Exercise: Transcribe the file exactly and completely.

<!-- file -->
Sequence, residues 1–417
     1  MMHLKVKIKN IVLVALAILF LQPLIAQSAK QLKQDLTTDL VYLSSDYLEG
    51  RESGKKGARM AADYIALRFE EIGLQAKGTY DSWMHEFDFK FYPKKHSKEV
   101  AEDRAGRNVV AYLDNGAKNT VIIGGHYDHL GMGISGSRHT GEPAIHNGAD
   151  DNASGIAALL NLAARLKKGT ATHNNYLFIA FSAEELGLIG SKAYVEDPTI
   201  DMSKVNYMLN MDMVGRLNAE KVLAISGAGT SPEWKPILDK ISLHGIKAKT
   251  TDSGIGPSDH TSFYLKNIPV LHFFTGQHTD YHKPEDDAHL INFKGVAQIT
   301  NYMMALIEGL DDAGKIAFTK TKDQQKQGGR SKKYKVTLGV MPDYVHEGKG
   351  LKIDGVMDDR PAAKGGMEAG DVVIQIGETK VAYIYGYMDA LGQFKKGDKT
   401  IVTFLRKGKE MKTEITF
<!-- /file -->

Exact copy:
Sequence, residues 1–417
     1  MMHLKVKIKN IVLVALAILF LQPLIAQSAK QLKQDLTTDL VYLSSDYLEG
    51  RESGKKGARM AADYIALRFE EIGLQAKGTY DSWMHEFDFK FYPKKHSKEV
   101  AEDRAGRNVV AYLDNGAKNT VIIGGHYDHL GMGISGSRHT GEPAIHNGAD
   151  DNASGIAALL NLAARLKKGT ATHNNYLFIA FSAEELGLIG SKAYVEDPTI
   201  DMSKVNYMLN MDMVGRLNAE KVLAISGAGT SPEWKPILDK ISLHGIKAKT
   251  TDSGIGPSDH TSFYLKNIPV LHFFTGQHTD YHKPEDDAHL INFKGVAQIT
   301  NYMMALIEGL DDAGKIAFTK TKDQQKQGGR SKKYKVTLGV MPDYVHEGKG
   351  LKIDGVMDDR PAAKGGMEAG DVVIQIGETK VAYIYGYMDA LGQFKKGDKT
   401  IVTFLRKGKE MKTEITF